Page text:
It’s the end of the road for veteran medical drama House, which will bow out after the end of its current eighth season on Fox in May. The network has granted creator David Shore’s wish for an early decision to allow him to give the series and its characters a proper ending. The move opens the door for renewal of another Fox drama in need of an early verdict, freshman Terra Nova.
Shore originally was hoping for a resolution by end of last year but he and the network “agreed mutually to put it off until after the first of the year,” Fox entertainment president Kevin Reilly said at TCA in January. At the time he admitted that he’s been “avoiding” making the decision because “it’s hard to imagine the network without House… It’s going to be a close call.” I hear the network made that call over the past 24 hours, siding with Shore who felt that creatively the series was in a place where he wanted to bring it home. Shore had the support of fellow House executive producer Katie Jacobs and star/executive producer Hugh Laurie. “While it’s with much regret, and a lump in our throats, we respect the decision Hugh, David and Katie have made,” Reilly said in a statement today. “A true original, on the page and amazingly brought to life by Hugh Laurie, there is only one Dr. House. For eight seasons, the entire House team has given us – and fans around the world – some of the most compelling characters and affecting stories ever seen on television.”
The cancellation decision prevents another protracted, bruising license fee negotiation between Fox and House producer Universal Television, which last year stretched into May. Universal would’ve liked to see House continue as it is hugely profitable for the studio with strong international sales (House is one of the most popular U.K. series in the world) and an off-network deal with USA Network. At TCA, NBC Entertainment chairman Greenblatt, who also oversees Universal TV, said that the studio was considering ways to bring the cost of the aging series down so it could continue on Fox. But the studio was facing potential tough renegotiations with star Hugh Laurie whose deal is up at the end of this season. Universal’s efforts to trim actors’ salaries last year didn’t go well, leading to the shocking exit of popular co-star Lisa Edelstein. The studio also doesn’t have a deal with Shore beyond this season.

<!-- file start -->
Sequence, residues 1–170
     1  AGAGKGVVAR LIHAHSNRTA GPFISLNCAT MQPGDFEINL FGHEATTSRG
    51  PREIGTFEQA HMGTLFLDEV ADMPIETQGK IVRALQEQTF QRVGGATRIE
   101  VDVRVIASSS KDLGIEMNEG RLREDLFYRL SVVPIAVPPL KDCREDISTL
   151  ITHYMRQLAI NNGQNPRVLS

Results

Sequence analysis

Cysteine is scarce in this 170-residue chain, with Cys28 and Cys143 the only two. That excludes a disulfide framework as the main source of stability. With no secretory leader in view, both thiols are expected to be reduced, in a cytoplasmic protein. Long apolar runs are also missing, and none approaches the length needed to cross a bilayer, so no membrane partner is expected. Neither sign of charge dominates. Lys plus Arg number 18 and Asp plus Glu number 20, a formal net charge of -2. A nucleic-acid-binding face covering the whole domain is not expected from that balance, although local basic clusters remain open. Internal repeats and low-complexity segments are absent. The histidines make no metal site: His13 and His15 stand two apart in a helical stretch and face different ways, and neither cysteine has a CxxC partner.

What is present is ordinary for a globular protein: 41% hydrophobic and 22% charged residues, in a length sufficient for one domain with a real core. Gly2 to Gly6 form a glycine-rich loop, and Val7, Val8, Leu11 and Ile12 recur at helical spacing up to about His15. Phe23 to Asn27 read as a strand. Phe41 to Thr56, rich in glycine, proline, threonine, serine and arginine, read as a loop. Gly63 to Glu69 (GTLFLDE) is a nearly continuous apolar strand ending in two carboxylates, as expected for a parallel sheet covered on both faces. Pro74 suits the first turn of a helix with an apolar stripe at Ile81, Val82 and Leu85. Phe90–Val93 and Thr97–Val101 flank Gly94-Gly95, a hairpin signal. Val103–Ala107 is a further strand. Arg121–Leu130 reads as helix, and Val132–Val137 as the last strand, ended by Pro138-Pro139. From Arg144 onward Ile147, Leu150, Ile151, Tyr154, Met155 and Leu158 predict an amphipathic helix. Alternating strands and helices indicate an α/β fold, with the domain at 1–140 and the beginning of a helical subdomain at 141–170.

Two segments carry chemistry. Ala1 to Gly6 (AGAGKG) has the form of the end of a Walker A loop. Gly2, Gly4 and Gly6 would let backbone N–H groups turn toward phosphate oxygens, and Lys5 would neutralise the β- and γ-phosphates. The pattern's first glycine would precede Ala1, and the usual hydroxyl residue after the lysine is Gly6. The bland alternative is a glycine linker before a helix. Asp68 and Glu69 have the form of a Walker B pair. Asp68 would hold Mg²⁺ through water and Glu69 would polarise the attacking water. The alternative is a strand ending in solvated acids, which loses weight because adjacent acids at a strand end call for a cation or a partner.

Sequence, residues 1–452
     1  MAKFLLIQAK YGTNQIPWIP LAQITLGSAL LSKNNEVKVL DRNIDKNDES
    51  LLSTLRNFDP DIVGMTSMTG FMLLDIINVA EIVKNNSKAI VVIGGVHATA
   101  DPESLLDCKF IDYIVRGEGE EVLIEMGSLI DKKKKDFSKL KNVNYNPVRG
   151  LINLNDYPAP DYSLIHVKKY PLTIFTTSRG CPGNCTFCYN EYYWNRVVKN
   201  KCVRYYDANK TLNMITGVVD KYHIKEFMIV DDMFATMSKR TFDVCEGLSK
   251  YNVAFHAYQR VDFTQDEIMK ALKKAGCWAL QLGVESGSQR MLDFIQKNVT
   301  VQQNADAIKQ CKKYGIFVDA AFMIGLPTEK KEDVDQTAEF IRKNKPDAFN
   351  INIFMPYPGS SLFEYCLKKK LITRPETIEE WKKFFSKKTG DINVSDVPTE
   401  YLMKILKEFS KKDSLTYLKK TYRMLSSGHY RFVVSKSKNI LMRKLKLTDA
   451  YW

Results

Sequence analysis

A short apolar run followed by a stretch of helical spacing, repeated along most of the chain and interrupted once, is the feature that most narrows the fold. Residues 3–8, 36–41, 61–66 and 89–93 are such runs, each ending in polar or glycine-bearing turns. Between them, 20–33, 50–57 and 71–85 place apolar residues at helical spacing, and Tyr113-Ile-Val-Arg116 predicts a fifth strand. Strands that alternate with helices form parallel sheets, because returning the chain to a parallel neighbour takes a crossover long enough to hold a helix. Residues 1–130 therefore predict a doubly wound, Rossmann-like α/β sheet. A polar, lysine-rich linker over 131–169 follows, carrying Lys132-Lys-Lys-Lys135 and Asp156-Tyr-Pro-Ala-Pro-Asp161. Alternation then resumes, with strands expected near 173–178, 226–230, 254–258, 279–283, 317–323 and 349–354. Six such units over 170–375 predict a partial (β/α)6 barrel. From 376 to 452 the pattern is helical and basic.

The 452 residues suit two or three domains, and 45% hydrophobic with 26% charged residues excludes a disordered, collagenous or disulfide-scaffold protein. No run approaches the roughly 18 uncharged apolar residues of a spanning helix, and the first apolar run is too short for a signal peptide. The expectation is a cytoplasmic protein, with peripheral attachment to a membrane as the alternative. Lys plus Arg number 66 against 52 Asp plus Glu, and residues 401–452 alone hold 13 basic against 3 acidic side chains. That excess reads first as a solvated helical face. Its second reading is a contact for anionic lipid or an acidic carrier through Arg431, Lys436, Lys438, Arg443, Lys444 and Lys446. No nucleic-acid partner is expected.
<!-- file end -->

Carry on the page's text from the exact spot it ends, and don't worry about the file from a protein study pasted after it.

With House over at Fox, the only realistic possibility for the series to continue elsewhere would be at NBC the way CBS took in Medium and ABC picked up Scrubs, both produced by their sibling studios, after they were cancelled by NBC. But Greenblatt pretty much ruled out that scenario last month, saying that picking up a show “at that cost structure in this situation” wouldn’t be a shrewd business move. Shore, Jacobs and Laurie also closed the door on that in their statement today.
After a slow start and facing cancellation after its first season, House grew into a bonafide hit and was Fox’s highest-rated scripted series for most of its run. Last season, the series’ ratings started to drop off significantly, a trend that continued this season. Still, the medical show remains as one of Fox’s strongest drama series and has been used to launch a number of new series. It will do it one last time this spring with Kiefer Sutherland’s Touch. House went through several rounds of major casting changes, first after Season 3 when it added Peter Jacobson, Kal Penn and Olivia Wilde, then after Season 6 when original cast member Jennifer Morrison left and then again last summer when Edelstein departed, and Odette Annable and Charlyne Yi were added to the main cast. (Wilde too left to focus on her feature career.)
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